The apparent focus on the tourism and recreation industry is not sufficient for the flourishing of Crimea and Sevastopol. Roads need to be built and renovated on the peninsula, and the industries which Ukrainian authorities deliberately kept under should be given the chance to develop. These issues concern military hardware repair companies, high-tech plants and design bureaus. Their reopening and stable operation is crucial for Crimea’s strategic position and possible military provocations on its border. A simple bookkeeper's perspective on the situation – “the less we spend the better” – will not do in this case. Of course, squandering funds is not an option, but Crimea represents an element of Russia’s national security, which cannot be gauged in monetary terms. The new Ukrainian Defense Minister Valeriy Heletey promised in early July to “restore the territorial integrity of Ukraine” and even to hold “a victory parade in Ukraine’s Sevastopol.” Russian Foreign Minister Sergey Lavrov said in response that he would not recommend that anyone consider attacking Crimea and Sevastopol, which are Russian territory. The current consolidation of Ukrainian troops in the Kherson Region could be part of larger US measures aimed at “deterring” Russia.
A demonstrative example in this context is the proposed Russian Aggression Prevention Act of 2014, which prohibits any federal department or agency from doing anything that could be interpreted as recognition of Russian sovereignty over Crimea or approval of the “illegal annexation” of the peninsula.
The US style of foreign policy provides for forcing its ways and rules on all other countries, but in particular on its closest allies and Central and Eastern European satellites, and some post-Soviet countries. Considering the instability in Ukraine, which will likely last for a long time, it is crucial that motor and railway communication be quickly established between Crimea and Russia via the Kerch Strait.
The participation in these projects of Russia’s key trade and economic partners, such as China (German businesses are reportedly considering joining in), could encourage other countries to think again about the economic costs of stubborn disregard for international realities.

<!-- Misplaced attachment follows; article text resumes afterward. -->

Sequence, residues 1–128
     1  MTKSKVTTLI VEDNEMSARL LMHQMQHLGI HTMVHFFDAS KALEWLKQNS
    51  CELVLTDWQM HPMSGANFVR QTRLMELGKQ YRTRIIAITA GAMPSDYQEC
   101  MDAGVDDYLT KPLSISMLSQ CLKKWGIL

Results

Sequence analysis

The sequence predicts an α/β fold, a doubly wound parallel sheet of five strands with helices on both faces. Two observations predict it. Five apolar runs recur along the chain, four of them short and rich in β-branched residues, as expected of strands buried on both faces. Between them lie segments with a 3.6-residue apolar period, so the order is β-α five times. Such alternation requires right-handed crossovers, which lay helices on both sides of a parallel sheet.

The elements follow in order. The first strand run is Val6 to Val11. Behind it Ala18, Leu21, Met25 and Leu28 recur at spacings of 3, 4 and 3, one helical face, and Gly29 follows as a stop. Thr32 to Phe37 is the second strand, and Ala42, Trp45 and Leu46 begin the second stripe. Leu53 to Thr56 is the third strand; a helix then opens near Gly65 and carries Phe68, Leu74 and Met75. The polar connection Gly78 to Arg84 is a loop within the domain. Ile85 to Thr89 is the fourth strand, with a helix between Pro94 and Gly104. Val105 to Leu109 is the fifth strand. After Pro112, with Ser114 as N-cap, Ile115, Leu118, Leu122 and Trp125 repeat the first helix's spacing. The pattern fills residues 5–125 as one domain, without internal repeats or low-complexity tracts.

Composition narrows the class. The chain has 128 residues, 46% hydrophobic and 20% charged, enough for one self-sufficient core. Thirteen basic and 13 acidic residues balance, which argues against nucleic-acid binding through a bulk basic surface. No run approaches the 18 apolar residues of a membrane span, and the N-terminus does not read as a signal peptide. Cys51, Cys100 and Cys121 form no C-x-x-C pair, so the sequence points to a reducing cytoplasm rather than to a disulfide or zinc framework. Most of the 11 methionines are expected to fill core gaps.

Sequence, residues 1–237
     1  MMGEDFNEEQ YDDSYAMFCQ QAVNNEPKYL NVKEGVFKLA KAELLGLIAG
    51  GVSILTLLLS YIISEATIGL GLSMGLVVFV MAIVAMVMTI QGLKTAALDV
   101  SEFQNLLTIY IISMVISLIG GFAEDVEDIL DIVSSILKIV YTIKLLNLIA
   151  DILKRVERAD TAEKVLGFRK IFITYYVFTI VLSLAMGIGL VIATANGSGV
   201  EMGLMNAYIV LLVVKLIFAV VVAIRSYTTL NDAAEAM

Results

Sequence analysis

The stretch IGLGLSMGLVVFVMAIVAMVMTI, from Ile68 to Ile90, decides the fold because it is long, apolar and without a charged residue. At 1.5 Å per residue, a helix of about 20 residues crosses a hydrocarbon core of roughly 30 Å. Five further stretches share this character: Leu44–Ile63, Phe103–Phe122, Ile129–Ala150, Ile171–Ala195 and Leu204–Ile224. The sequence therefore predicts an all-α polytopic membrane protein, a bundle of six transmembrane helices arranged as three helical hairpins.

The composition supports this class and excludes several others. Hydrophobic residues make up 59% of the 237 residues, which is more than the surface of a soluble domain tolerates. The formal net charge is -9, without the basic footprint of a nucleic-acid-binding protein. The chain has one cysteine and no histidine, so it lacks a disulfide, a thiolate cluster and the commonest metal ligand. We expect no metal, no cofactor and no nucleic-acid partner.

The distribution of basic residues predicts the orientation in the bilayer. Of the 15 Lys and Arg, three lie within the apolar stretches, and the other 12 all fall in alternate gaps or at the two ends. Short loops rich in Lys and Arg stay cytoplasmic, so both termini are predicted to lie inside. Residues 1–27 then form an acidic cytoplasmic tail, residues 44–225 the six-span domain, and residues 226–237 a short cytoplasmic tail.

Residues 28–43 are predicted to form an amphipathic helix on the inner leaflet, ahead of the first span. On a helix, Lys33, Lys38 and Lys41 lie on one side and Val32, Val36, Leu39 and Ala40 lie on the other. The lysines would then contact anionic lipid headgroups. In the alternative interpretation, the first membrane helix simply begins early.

The addition of a new region that is linked to Russia territorially but not ethnically promises more discussions about the future of Russian federalism. Russia’s division could create a shift from the ethnic territorial principle to a purely territorial one, which does not mean, however, that its regions will have the same legal status.
Russia is gradually dealing with the problems of repressed ethnic groups that have been held hostage by Kiev politicians for decades, but Crimean authorities and local governments should refrain from making overstated and deliberately impossible demands. Let alone commonplace blackmail, such as that employed by the self-proclaimed leaders of extremist organizations who have compromised themselves by cooperating with the current Kiev authorities and their foreign sponsors.
Russia will, without a doubt, apply national legislation to cut short any attempts to undermine the sociopolitical situation in Crimea and Sevastopol. On the other hand, taking into account the realities of modern information society, problems should be discussed in a calm and balanced manner, without hysterics and xenophobia, which are distinctive features of many Ukrainian media outlets. Kiev and the rest of Ukraine will eventually shake off anti-Russia propaganda, but the process will be long and painful.
The accession of new entities to the Russian Federation will not be painless, but there are no grounds for alarmist sentiments. Changes in the course of development are logical, but the authorities should do their best to make these changes as quick and people-friendly as possible. Eventually, Crimea’s special status will shorten the repayment period and help turn the peninsula from a subsidized region into a development model for other Russian regions.